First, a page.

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Table 4: Radiological outcome-using sarmiento modification lindstrom criteria

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  Conclusion Top

Five-pin technique of K-wire fixation is a novel technique that provides effective means of treating distal end radius fractures. It is a versatile tool which provides optimum functional and radiological outcomes.

Financial support and sponsorship


Conflicts of interest

There are no conflicts of interest.

  References Top

Frykman G. Fracture of the Distal Radius Including Sequelae-Shoulder–Handfinger Syndrome, Disturbance in the Distal Radio-Ulnar Joint and Impairment of Nerve Function: A Clinical and Experimental Study, Acta Orthopaedica Scandinavica, 1967;38:sup108,1-61.  Back to cited text no. 1
Cooney WP. Fractures of the distal radius. A modern treatment-based classification. Orthop Clin North Am 1993;24:211-6.  Back to cited text no. 2
Delgado DA, Lambert BS, Boutris N, McCulloch PC, Robbins AB, Moreno MR, et al. Validation of digital visual analog scale pain scoring with a traditional paper-based visual analog scale in adults. J Am Acad Orthop Surg Glob Res Rev 2018;2:e088.  Back to cited text no. 3
Bhasme V, Shettar V, Battur M. Functional outcome analysis of fixation of distal radius fractures using “Five Pin Technique”. Int J Contemp Med Res 2018;5:114-8.  Back to cited text no. 4
Yamamoto K, Masaoka T, Shishido T, Imakiire A. Clinical results of external fixation for unstable Colles' fractures. Hand Surg 2003;8:193-200.  Back to cited text no. 5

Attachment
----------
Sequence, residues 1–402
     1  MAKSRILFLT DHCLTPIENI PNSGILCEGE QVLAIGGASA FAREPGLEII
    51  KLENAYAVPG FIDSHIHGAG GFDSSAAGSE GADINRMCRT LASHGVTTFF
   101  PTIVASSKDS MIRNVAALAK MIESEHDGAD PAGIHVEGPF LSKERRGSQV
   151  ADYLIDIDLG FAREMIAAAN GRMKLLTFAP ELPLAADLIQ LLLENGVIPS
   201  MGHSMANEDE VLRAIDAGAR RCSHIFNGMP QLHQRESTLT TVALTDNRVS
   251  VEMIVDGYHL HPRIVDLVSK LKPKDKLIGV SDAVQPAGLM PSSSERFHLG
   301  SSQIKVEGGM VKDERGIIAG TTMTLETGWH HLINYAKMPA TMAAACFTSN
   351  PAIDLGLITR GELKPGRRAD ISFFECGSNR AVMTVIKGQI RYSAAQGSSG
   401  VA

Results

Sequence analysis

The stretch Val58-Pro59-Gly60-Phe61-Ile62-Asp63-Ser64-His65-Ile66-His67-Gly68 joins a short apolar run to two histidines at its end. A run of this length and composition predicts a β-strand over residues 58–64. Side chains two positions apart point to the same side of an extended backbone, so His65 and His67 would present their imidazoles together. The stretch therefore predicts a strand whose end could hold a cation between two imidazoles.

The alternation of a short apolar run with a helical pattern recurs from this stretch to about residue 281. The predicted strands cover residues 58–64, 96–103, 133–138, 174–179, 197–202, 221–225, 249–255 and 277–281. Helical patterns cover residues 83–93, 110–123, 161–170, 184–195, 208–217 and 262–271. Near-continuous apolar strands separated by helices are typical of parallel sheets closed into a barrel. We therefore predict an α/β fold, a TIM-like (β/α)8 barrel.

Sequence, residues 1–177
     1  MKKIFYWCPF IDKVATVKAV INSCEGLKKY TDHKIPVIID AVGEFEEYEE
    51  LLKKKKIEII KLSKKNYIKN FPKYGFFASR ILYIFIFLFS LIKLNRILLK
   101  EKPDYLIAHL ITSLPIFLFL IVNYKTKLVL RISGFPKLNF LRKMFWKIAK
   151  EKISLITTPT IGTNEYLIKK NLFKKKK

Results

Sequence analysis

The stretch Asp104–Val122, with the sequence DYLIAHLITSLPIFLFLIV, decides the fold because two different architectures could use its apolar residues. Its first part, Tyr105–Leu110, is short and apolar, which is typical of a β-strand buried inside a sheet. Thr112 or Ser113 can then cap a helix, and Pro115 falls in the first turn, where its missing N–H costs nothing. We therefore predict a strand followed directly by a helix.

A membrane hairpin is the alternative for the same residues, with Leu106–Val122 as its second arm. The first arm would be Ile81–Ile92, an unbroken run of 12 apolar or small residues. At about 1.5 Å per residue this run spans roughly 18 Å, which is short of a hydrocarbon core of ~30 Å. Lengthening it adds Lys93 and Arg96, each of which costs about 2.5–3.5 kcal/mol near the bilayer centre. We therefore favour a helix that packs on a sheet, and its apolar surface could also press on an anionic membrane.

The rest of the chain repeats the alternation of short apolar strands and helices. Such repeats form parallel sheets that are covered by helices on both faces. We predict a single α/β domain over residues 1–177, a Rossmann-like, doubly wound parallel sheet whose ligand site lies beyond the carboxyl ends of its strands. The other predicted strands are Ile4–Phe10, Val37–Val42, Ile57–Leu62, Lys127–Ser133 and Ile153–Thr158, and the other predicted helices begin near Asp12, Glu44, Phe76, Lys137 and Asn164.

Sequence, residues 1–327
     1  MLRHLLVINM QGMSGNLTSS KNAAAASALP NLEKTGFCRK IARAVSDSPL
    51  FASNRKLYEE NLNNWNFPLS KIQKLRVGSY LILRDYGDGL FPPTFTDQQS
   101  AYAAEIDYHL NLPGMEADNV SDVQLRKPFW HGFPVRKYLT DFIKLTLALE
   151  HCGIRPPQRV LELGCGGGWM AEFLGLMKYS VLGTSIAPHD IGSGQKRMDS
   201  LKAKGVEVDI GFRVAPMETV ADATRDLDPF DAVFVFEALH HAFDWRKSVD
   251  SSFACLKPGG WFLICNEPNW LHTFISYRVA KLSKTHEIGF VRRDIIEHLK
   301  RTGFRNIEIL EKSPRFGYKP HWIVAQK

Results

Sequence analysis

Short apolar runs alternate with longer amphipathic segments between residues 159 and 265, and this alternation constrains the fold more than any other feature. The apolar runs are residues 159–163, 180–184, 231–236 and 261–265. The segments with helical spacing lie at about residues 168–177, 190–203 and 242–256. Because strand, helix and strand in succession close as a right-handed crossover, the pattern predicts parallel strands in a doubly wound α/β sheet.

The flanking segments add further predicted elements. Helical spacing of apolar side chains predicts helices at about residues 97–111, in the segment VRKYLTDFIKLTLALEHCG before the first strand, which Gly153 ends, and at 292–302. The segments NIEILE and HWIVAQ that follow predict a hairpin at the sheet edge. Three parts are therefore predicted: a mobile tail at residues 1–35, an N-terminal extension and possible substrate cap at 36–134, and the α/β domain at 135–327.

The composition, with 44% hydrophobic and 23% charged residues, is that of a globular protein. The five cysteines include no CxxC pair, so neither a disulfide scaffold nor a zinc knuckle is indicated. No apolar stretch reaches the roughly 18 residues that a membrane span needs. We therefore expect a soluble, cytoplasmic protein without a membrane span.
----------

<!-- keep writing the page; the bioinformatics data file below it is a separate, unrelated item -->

Gruber G, Gerald G, Gruber K, Clar H, Zacherl M, Fuerst F, et al. Volar plate fixation of AO type C2 and C3 distal radius fractures, a single-center study of 55 patients. J Orthop Trauma 2008;22:467-72.  Back to cited text no. 6
Sarmiento A, Pratt GW, Berry NC, Sinclair WF. Colles' fractures. Functional bracing in supination. J Bone Joint Surg Am 1975;57:311-7.  Back to cited text no. 7
Anakwe R, Khan L, Cook R, McEachan J. Locked volar plating for complex distal radius fractures: Patient reported outcomes and satisfaction. J Orthop Surg Res 2010;5:51.  Back to cited text no. 8
Wei DH, Raizman NM, Bottino CJ, Jobin CM, Strauch RJ, Rosenwasser MP. Unstable distal radial fractures treated with external fixation, a radial column plate, or a volar plate. A prospective randomized trial. J Bone Joint Surg Am 2009;91:1568-77.  Back to cited text no. 9
Anand K, Acharya H, Patel S. External fixator and K wire – A versatile tool in distal end radius fractures. Indian J Orthop Surg 2018;4:48-52.  Back to cited text no. 10


  [Figure 1], [Figure 2], [Figure 3], [Figure 4], [Figure 5]

  [Table 1], [Table 2], [Table 3], [Table 4]